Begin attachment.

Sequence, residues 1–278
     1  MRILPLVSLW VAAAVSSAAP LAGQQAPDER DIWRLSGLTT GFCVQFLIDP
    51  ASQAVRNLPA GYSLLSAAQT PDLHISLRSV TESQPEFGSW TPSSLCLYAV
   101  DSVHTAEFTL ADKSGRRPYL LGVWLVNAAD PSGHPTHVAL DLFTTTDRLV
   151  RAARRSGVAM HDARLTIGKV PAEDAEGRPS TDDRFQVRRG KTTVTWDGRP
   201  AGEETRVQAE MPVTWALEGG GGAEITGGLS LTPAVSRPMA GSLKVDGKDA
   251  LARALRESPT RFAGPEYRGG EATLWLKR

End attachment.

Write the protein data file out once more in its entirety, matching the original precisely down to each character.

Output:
Sequence, residues 1–278
     1  MRILPLVSLW VAAAVSSAAP LAGQQAPDER DIWRLSGLTT GFCVQFLIDP
    51  ASQAVRNLPA GYSLLSAAQT PDLHISLRSV TESQPEFGSW TPSSLCLYAV
   101  DSVHTAEFTL ADKSGRRPYL LGVWLVNAAD PSGHPTHVAL DLFTTTDRLV
   151  RAARRSGVAM HDARLTIGKV PAEDAEGRPS TDDRFQVRRG KTTVTWDGRP
   201  AGEETRVQAE MPVTWALEGG GGAEITGGLS LTPAVSRPMA GSLKVDGKDA
   251  LARALRESPT RFAGPEYRGG EATLWLKR